It is more than a matter of taste that I cannot join the applause for Mr. Buckley's style, for its supposed elegance, urbanity, wit, variety, sophistication. There are not many stylists in American journalism or politics, and consequently those who seem to have mastered the art of writing a sentence with more than one clause, or turning a phrase, or using words of more than two syllables, are always overpraised. Mr. Buckley's trademark—his robot's use of words that few of us, 1 hope, think to use in ordinary speech—is worse than tiresome. Nothing is gained, for example, by the use of "mephitic" in discussing a review of one of his books, or of "anaphora" in a piece about Jesse Jackson's rhetoric. But one soon realizes that Mr. Buckley needs these crutches because he almost never finds the unexpected right word in the right place in his writing. The unexpected word (the coin particularly of the poet) is usually a common-and-garden one, a word we use every day. Almost never a fancy word, it stabs into our minds with meaning, and there it is likely to stay. But even if Mr. Buckley's self-consciously arcane words give some people a thrill, why is it that no one can remember them or their point a few days later? |
An example. Mr. Buckley describes Playboy as "an organ that seeks to justify the superordination of sex over any other consideration. . ." Apart from the fact that "superordination" tells us nothing that a simple word would not have done, it conceals—and, I believe, is intended to conceal—the fact that Mr. Buckley is saying the opposite of what is true. Playboy does not give a superior rank to sex above all other considerations. It diminishes and debases sex, reducing it to a valueless, mechanical, lifeless and altogether unimportant activity, which you can order up with your meal after a hard day at the office. But then if Mr. Buckley had found an accurate word, he would have had to say something that celebrated sex; and it is interesting that in his columns, as in the pronouncements of so many conservatives today, sex only raises its head when the subject is pornography or obscenity, or what is regarded as aberrant sexual behavior. These conservatives discuss sex only when they can get down and mix it in the gutter with the pimps.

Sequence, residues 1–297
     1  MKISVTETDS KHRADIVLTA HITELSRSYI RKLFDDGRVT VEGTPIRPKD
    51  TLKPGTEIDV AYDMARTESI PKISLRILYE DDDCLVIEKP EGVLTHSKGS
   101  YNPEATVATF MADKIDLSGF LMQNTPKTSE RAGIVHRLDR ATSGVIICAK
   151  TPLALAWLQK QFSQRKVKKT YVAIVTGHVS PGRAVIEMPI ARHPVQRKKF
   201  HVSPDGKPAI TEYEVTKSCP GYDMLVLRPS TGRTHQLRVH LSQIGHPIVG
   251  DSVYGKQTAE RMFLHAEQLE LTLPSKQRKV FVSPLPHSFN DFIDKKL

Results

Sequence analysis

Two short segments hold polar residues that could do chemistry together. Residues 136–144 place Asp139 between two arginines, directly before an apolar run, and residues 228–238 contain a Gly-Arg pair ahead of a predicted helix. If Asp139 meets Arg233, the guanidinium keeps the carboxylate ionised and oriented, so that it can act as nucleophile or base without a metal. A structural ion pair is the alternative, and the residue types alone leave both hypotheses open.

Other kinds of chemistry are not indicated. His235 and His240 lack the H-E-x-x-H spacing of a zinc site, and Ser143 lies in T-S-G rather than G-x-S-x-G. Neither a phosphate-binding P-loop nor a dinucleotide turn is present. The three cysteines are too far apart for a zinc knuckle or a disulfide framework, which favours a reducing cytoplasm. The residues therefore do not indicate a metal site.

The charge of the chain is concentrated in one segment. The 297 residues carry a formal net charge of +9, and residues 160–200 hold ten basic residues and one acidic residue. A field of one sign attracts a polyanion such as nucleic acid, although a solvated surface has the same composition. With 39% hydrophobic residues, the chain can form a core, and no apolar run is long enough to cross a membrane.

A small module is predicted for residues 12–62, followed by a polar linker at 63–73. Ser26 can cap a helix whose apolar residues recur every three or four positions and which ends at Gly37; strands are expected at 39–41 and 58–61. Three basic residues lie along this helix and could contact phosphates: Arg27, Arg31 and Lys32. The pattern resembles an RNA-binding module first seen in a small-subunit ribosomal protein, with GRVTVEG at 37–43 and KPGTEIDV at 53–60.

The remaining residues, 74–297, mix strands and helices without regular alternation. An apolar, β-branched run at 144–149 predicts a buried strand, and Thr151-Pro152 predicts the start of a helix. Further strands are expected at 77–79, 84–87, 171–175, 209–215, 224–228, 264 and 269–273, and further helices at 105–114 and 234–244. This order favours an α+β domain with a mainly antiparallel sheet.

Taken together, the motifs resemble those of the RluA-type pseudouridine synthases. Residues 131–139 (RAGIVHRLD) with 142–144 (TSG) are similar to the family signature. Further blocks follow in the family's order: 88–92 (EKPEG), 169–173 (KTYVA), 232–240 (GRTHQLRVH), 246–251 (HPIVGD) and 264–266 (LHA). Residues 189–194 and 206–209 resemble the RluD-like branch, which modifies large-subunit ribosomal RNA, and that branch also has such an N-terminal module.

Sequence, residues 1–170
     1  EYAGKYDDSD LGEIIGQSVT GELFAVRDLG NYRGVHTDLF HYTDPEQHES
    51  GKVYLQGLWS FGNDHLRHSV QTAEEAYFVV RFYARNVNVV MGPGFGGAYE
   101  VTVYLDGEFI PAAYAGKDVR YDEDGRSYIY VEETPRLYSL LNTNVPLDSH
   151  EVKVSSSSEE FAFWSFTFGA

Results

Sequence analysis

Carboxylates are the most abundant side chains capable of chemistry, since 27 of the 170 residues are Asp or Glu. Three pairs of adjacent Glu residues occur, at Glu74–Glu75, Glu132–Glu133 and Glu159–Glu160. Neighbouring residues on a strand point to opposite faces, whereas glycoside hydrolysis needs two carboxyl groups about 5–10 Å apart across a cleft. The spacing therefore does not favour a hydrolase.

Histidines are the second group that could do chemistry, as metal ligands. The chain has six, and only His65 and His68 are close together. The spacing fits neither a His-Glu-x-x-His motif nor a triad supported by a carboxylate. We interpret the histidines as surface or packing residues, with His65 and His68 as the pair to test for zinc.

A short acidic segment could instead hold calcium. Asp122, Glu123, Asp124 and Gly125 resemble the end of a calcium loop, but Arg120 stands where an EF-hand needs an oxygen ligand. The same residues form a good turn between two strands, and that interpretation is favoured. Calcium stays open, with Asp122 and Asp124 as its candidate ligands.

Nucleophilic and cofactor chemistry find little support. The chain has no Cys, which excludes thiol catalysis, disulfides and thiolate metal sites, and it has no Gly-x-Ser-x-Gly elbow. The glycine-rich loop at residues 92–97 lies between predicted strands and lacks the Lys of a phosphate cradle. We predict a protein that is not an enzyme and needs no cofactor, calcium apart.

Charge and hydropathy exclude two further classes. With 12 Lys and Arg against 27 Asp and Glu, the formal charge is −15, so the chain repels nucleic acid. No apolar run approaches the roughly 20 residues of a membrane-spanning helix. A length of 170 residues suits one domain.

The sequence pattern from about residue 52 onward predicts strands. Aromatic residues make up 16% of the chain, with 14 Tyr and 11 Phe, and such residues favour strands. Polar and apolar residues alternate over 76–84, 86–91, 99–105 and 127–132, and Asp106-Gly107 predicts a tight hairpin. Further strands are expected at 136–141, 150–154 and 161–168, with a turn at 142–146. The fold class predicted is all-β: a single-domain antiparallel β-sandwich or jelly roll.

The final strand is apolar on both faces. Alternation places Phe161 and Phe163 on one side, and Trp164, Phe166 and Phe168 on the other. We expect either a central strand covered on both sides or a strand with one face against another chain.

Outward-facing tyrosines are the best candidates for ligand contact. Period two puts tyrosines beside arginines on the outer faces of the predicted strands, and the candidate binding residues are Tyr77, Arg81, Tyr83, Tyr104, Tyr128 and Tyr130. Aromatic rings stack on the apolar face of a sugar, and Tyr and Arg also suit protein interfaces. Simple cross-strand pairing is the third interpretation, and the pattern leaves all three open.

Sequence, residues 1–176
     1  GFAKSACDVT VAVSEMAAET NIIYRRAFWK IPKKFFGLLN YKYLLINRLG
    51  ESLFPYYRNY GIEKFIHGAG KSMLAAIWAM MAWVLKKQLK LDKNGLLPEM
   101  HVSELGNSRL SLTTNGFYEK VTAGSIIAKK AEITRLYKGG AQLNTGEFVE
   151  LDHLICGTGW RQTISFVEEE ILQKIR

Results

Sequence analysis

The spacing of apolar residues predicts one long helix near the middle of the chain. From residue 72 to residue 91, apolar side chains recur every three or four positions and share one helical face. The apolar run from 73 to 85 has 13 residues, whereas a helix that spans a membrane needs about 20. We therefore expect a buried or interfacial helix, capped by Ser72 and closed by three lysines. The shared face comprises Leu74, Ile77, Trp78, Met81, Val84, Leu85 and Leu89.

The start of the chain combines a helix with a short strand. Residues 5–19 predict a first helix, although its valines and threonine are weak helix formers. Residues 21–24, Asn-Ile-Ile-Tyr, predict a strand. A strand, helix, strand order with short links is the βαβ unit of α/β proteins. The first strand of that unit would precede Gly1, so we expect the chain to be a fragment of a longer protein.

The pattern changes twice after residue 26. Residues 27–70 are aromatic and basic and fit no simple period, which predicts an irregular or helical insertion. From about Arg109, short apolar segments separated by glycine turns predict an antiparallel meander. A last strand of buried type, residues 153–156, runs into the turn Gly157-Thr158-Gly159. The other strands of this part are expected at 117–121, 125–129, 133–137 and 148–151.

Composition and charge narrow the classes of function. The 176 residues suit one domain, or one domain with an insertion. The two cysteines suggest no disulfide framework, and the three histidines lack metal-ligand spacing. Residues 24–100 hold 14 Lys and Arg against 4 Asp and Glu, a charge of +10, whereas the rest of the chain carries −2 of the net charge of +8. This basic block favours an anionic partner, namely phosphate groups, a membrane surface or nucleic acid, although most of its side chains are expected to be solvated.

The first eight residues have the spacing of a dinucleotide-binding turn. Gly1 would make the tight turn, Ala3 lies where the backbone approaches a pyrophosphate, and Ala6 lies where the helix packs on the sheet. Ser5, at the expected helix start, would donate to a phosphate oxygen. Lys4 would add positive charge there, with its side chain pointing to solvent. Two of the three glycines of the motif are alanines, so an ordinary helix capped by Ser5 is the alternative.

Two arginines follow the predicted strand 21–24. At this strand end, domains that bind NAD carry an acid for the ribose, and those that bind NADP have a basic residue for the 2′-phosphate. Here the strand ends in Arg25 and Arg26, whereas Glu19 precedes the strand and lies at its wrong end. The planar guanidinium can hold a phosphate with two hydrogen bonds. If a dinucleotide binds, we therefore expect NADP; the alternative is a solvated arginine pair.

Too often Mr. Buckley seems to shy away from any serious discussion of principles or ideas. Instead, he personalizes them. He is most comfortable attacking (usually snidely) his opponents and flattering (always excessively) his friends. This is the manner of talk show, or at best of dinner party conversation, where we do not expect to unfold ideas as in a Socratic dialogue. In conversation we use people as symbols of ideas, setting them up rather like ninepins, because conversation need such a shorthand; we can impatiently call someone, say, a fascist, confident that no one (unless there is a fool at dinner) will go away thinking that we really think he is a fascist. But if you transfer that manner to a column—which, I suppose, is what is likely to happen if you dictate it into a tape recorder while being driven somewhere in one of your cars—then it becomes unacceptable, in part because more care is needed when one cannot hear the inflection of a voice or see an expression on a face.
For example, I can imagine myself feeling provoked enough to refer in conversation to the representatives of Third World countries at the United Nations as "the little creeps." But use that phrase (as Mr. Buckley does) in print and it takes on an altogether different and very nasty character. What is more, if writing is intended to force one to strive for accuracy, he probably means not that they are little creeps but that they are much worse.
Again, did Mr. Buckley really mean to write that Jesse Jackson is "the greatest political aphrodisiac since Martin Luther King, Jr."? Not only is the phrase by now tired, drained of all power even to titillate—it certainly is not an aphrodisiac—but only three pages before Mr. Buckley differentiated Jackson from King, saying that he could claim to be continuing "Martin Luther King's dream." In this same piece, he describes Jackson's appeal to the self-consciousness of American blacks (as blacks) as "this exuberant tribalism." Of course one can see the temptation to speak that into the tape recorder; hut apart from the fact that it is a wholly false metaphor, most of us, if tempted to use it, would realize that it parries more than a hint that we still think of American blacks as just down from the trees.
Another of Mr. Buckley's personalizing devices directly reflects the manner of the talk show. Again and again he sets up his opponents as straw and then takes potshots at them, in one of Mr. Buckley's columns in 1981, A. Bartlett Giamatti, then the president of Yale, is not simply criticized for what he said about the Moral Majority. He is set up at the start not As someone who is putting forward an argument, but as someone who "fulminates in the big leagues," someone who can be put down by asking of him, "what on Earth is exciting Mr. Giamatti?" (His column attacking me also began by saying that I was overexcited about the Moral Majority.)